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Roadhouse Brews Good In Jackson Hole

Images provided by Roadhouse Brewing Co.

Jackson Hole, Wyoming is named for the valley between the two majestic mountain ranges it snuggles between, The Gros Ventres and The Grand Tetons. To say Jackson Hole is stunning might be an understatement. 

When Roadhouse Brewing Co. opened in 2012, the founders understood and appreciated the natural beauty of the valley. In fact, they choose to put sustainability and environmental preservation upfront when establishing the brewery. In 2018 Roadhouse became a Certified B Corporation, showing Jackson and the craft brewing community they meant business. This year, Roadhouse earned the honor of a “Best for the World” Award from B Lab, the nonprofit that certifies B Corps. 

A great strategy for environmental preservation and sustainable practices is embracing the local climate to harness its power. As Jackson is situated near two mountain ranges and sits more than 6,000 feet above sea level, the brewery had to adapt to the long, cold winters. The brewing process produces a lot of steam, especially during the boil. Roadhouse captures the steam and recycles the heat, which helps to alleviate stress on its heating system. 

Roadhouse sends its spent grain to a local family-owned farm that uses it to feed their grass-fed herd. Given the outdoorsy nature of the community, the brewery has encouraged its staff to commute to work by riding bikes or other alternative methods whenever possible. According to Roadhouse, their installed solar panels “not only offset our power usage but feed power back to the Jackson town grid.”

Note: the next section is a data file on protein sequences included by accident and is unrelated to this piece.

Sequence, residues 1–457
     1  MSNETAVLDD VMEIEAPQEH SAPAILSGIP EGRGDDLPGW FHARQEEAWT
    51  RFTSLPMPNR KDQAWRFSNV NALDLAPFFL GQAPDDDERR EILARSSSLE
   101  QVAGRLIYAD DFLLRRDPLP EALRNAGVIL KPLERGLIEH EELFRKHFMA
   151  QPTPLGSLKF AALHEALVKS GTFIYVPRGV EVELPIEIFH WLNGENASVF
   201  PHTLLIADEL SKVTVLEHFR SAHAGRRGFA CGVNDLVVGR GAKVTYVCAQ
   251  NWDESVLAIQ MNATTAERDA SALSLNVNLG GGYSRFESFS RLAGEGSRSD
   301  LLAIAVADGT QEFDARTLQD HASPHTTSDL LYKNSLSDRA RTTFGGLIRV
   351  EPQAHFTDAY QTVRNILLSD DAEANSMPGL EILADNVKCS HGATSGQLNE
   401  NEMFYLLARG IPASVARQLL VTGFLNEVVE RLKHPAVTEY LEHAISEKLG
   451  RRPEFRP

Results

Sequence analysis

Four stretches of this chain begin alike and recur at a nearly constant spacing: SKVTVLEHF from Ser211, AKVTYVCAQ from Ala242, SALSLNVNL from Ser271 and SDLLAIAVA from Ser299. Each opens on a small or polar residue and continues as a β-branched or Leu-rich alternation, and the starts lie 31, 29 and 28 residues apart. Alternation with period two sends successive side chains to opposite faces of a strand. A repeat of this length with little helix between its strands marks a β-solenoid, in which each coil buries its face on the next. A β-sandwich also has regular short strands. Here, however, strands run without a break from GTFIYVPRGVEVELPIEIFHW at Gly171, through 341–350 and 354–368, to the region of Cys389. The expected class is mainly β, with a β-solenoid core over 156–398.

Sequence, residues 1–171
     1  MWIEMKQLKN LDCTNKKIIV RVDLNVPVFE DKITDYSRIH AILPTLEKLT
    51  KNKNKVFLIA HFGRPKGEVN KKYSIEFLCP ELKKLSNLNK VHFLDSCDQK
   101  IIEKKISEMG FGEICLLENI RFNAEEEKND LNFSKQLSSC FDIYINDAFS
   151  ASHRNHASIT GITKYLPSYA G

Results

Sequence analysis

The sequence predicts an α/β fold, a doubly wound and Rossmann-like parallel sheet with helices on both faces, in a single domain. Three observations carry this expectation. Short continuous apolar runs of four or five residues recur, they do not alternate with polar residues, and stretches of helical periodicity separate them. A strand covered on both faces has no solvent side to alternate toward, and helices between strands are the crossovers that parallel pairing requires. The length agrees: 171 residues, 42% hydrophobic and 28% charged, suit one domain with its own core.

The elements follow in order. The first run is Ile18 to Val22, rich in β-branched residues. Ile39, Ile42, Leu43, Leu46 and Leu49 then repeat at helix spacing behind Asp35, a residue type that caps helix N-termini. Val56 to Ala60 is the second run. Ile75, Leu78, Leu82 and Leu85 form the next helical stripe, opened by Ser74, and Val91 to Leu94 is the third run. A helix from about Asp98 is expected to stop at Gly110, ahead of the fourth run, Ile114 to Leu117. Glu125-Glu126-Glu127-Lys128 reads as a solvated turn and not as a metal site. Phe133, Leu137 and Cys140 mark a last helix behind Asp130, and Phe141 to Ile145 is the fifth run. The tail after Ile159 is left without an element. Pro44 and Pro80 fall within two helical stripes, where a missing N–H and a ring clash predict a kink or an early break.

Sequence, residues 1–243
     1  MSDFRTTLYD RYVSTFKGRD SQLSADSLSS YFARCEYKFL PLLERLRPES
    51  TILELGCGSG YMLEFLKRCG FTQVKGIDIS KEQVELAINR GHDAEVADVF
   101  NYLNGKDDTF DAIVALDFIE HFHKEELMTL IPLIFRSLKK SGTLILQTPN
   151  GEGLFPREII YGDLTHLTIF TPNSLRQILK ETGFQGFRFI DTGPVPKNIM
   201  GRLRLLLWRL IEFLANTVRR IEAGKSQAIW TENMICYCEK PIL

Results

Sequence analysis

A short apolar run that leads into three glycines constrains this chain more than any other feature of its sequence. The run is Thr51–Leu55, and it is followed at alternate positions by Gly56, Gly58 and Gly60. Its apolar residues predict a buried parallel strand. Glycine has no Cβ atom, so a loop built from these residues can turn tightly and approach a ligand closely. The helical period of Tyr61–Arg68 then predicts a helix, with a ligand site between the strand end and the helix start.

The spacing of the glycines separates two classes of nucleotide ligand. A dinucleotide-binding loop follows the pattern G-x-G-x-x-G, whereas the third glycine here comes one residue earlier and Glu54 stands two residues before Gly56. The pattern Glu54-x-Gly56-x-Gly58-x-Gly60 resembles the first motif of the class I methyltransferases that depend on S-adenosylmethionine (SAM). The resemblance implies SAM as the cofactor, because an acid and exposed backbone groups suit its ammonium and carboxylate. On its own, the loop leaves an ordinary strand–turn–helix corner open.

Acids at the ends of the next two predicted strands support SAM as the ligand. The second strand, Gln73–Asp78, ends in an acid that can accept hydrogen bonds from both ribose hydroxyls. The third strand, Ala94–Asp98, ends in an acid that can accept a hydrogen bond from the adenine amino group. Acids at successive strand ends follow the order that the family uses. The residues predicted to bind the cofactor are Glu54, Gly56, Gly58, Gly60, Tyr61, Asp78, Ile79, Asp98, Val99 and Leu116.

Images provided by Roadhouse Brewing Co.

If a brewer is making a lager beer, they are making a bottom-fermenting, cooler temperature beer. After fermentation, the beer is put in lagering tanks. Traditionally, brewers in Germany would keep these tanks in caves, allowing the beer to settle and mature on the yeast at near-freezing temperatures. The result is a crisp, clear beer. Modern brewers use tanks that are kept at a consistent temperature, for 21-90 days, using mechanical refrigeration. 

At the end of the brewing process, beer needs to be kept at a consistent temperature. Temperature fluctuations can shorten shelf life, diminish, or change flavors, and even develop off-flavors. To keep beer at a consistent temperature, it needs to be stored in a cooler, depending on the style of beer, anywhere from 34 – 50 degrees. Most kegs need to be kept on the lower end of that spectrum. 

For both lagering and beer storage, a brewery would require lots of refrigeration. For Roadhouse, they have installed a louver system to offset some of their refrigeration needs. The system links to the beer storage cooler’s thermostat and the louver system opens and closes to maintain a consistent temperature in the cooler. In embracing its local wilderness environment and supporting the community, the brewery has committed to supporting the Teton County Search and Rescue Organization (TCSAR). TCSAR conducts rescue missions several times each year in the surrounding mountains and ski areas as well as promoting safe practices education in the backcountry for locals and visitors. To be a part of the Jackson Hole community, organizations must embrace, protect and educate all that make the community special.

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